It’s a hot and humid afternoon on the highway to Srikakulam. Even so a massive throng has gathered on the outskirts of Visakhapatnam. Most noticeable are the women — they come in all ages and from all socio-economic backgrounds: peasants, domestic workers, government employees, teachers, college students, homemakers. They are all waiting, curious and wide-eyed, for the big padyatra to pass. One 70-year-old widow even thinks its “Indira amma’s (Indira Gandhi’s) granddaughter” who will be leading the march.
Actually, it will be the daughter of YS Rajasekhara Reddy, “YSR” as he was known, the late chief minister of Andhra Pradesh, who died in a helicopter accident only a few weeks after he led the Congress to a second successive victory in the state elections in May 2009. “Maro Praja Prasthana” (one more journey with the people), as Sharmila Reddy’s epic 3,000 km walkathon is called, draws similar crowds wherever it goes. The public turns up to see her, YSR’s daughter and Jagan’s sister.
Jagan refers, of course, to YS Jaganmohan Reddy, 40, YSR’s son and heir. He’s been in prison for a year now, battling corruption charges that go back, really, to the time his father was chief minister. In this period he has turned a sworn enemy of his former party, the Congress. In this period, his political party and legacy are being nurtured and protected for by three unlikely politicians, all women — his mother, wife and sister.
These three women, members of one of the most powerful political families of southern India, are scripting a dramatic story for 2014, when a state of 85 million people will elect a new government. As in 1983, when perceived insults to Telugu pride by an imperious, Delhi-centric Congress led to NT Rama Rao’s start-up, the Telugu Desam Party (TDP), sweeping the polls, sister Sharmila and mother Vijayamma are hoping for a similar dénouement in a year’s time. They are furthering the mighty project that Jagan, the president of YSR Congress — or Yuvajana Sramika Rythu Congress, to give it its full name — took on after his father’s death.
The padyatra is part of a mass contact programme that aims to keep alive memories of YSR and keep in the public eye the apparent injustice being done to Jagan by Congress governments in Hyderabad and Delhi. If the YSR Congress is believed to be the favourite to win the 2014 Assembly polls, despite its chief ministerial candidate being in prison, the credit must go to these three women: YS Sharmila Reddy, her mother Yeduguri Sandinti Vijayalakshmi or Vijayamma and Jagan’s wife YS Bharathi. This unusual triumvirate is reshaping Andhra politics in real time and has become the Congress’ headache.
The roles are well-defined. Sharmila and Vijayamma took the responsibility of running the YSR Congress in May 2012, soon after Jagan Reddy was arrested for allegedly amassing wealth disproportionate to known sources of income and misusing his father’s political office for business purposes. It was a moment of truth. Till then, Jagan had been getting a response from voters and was seen as a rising force. But with him behind bars, the Congress felt it could break him and push him into compromise. Other parties felt the YSR Congress would not be able to survive the removal of its leader and mascot from active politics.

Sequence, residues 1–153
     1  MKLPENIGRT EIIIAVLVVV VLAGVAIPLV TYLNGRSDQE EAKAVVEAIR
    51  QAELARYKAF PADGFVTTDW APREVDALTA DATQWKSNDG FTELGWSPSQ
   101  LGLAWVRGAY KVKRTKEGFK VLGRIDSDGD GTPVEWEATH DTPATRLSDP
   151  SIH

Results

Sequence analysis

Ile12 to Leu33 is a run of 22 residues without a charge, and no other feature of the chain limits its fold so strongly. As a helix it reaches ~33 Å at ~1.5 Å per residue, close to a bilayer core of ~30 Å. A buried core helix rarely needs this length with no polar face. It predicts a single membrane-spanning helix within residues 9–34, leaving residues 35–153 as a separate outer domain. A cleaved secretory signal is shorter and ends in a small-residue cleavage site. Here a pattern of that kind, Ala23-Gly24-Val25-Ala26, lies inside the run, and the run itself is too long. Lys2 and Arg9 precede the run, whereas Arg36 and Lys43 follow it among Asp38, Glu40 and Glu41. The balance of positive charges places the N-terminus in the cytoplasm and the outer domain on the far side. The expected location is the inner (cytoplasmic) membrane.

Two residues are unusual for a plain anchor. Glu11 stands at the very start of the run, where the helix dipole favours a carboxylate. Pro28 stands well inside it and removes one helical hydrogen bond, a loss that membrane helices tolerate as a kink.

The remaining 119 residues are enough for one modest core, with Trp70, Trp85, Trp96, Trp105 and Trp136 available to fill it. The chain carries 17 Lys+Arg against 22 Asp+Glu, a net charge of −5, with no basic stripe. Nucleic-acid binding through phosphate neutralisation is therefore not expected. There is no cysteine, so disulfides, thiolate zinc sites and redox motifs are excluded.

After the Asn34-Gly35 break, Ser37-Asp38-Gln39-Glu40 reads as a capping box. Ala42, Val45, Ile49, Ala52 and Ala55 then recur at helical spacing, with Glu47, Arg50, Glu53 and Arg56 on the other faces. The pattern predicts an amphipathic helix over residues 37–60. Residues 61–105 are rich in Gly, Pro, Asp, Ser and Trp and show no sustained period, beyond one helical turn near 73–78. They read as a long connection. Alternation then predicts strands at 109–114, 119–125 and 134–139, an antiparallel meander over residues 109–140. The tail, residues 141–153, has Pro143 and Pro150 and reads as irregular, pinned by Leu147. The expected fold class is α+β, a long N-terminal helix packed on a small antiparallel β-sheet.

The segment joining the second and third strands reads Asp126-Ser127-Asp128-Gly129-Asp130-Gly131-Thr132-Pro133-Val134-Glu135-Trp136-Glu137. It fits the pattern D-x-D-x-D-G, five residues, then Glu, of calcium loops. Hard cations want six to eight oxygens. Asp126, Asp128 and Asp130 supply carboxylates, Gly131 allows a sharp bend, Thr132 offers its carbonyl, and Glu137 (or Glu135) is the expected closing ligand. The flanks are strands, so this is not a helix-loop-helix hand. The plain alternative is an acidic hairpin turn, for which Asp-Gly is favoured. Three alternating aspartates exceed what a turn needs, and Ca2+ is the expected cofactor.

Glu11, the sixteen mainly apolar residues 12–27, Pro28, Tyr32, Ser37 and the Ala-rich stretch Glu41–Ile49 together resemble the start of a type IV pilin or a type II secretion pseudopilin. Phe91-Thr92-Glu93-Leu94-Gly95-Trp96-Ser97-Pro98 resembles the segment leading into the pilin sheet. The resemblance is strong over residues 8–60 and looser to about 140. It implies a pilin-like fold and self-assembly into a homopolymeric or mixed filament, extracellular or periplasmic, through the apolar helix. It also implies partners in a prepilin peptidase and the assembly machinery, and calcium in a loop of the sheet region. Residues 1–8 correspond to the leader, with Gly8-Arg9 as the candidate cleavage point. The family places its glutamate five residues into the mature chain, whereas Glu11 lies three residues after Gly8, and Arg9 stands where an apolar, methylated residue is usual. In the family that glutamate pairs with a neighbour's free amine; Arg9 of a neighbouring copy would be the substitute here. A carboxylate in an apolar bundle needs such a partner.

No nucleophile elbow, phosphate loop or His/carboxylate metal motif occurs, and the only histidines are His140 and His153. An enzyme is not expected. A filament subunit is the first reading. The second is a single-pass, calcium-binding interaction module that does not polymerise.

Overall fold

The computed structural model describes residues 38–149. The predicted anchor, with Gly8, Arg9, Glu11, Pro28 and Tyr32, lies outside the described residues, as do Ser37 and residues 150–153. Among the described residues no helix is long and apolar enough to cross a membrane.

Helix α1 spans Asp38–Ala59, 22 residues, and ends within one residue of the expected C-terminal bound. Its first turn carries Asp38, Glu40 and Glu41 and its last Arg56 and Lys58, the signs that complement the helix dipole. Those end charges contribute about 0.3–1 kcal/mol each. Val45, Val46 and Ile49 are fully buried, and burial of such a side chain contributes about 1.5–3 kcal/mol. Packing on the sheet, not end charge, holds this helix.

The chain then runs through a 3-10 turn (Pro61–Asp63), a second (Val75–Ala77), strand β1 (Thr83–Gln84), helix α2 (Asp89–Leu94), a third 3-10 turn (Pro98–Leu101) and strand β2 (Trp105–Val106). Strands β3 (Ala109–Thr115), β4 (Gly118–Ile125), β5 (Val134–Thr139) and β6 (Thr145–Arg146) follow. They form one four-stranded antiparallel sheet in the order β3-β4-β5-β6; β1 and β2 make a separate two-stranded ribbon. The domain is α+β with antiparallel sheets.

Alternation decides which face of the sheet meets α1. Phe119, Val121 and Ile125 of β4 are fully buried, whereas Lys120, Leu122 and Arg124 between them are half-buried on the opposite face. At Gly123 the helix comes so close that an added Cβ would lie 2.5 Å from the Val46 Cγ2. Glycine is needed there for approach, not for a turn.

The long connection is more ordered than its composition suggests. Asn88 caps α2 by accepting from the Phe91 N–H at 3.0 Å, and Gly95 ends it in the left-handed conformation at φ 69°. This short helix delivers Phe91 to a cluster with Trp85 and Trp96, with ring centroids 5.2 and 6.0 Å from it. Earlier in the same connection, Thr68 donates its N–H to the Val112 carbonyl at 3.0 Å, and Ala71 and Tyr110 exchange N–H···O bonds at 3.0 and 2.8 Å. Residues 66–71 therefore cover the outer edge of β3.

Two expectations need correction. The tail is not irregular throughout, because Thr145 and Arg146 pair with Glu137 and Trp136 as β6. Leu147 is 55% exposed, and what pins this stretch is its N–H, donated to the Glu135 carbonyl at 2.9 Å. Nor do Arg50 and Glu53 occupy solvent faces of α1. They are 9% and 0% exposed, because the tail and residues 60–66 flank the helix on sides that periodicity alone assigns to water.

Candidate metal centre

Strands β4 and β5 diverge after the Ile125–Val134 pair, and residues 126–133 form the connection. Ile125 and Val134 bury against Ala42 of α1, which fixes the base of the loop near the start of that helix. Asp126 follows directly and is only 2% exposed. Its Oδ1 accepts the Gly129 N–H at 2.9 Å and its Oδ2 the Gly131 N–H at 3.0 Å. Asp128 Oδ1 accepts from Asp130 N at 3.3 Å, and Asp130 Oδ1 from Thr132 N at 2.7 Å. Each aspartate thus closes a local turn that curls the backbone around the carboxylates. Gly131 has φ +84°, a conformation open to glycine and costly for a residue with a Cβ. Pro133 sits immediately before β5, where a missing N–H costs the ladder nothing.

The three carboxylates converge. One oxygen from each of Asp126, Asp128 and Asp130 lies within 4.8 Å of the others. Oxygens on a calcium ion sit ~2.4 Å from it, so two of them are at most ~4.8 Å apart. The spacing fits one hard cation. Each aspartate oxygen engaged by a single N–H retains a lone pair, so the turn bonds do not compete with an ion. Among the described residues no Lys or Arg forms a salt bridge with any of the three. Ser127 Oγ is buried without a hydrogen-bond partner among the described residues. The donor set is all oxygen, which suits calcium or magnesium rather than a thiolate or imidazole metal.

Yet, for 14 months now, the three women in his life have not let Jagan’s absence be felt, and are guarding his kingdom for him. While her mother-in-law and sister- in-law manage the party, Bharathi, 39, and Jagan’s wife of 17 years, is running the family’s business empire, finding time from bringing up her two daughters. Once known as a shy, retiring person, she has emerged as an articulate spokesperson for her husband’s cause. She is currently chairperson of the Sakshi Group, the media conglomerate that Jagan owns. Tehelka met Vijayamma and Bharathi at their palatial Lotus Pond mansion in Hyderabad’s Banjara Hills area and tracked Sharmila’s padyatra in Visakhapatnam.
The sheer grit and effort of Vijayamma and Sharmila belies their identity as accidental politicians. Whereas Jagan continues to be the face of the party, Sharmila and Vijayamma are keeping the momentum on the ground. Sharmila’s padyatra is perhaps the longest by a female politician anywhere. It is also supremely well-organised, with one of India’s leading public relations firms guarding against bad press.
The padyatra began eight months ago, and put the YSR Congress in agitprop and poll mode within a few months of Jagan’s arrest. It was inspired by the three-month, 1,500 km yatra YSR had undertaken in 2003 to displace N Chandrababu Naidu’s government, which had won two terms before its defeat in 2004. Even so, it needs to be noted that by 2003, YSR was a veteran in the game and a multi- term MP and MLA. At 39, Sharmila was a novice, with an MBA in finance but no political experience. “She was the darling kid of the family,” Bharathi points out, “completely cocooned from politics. Everything was served to her on a silver platter. She had to overcome a lot to achieve what she has today.”
YV Subba Reddy, husband of Vijayamma’s sister, is among the family’s closest political counsellors. He too appreciates his niece’s spirit: “Sharmila has finished what Jagan set out to do. Whereas Jagan worked extremely hard for three years on the Odarpu Yatra, meeting the poorest of the poor all over the state, she has filled his shoes, bringing a human touch. Women and youth love her.”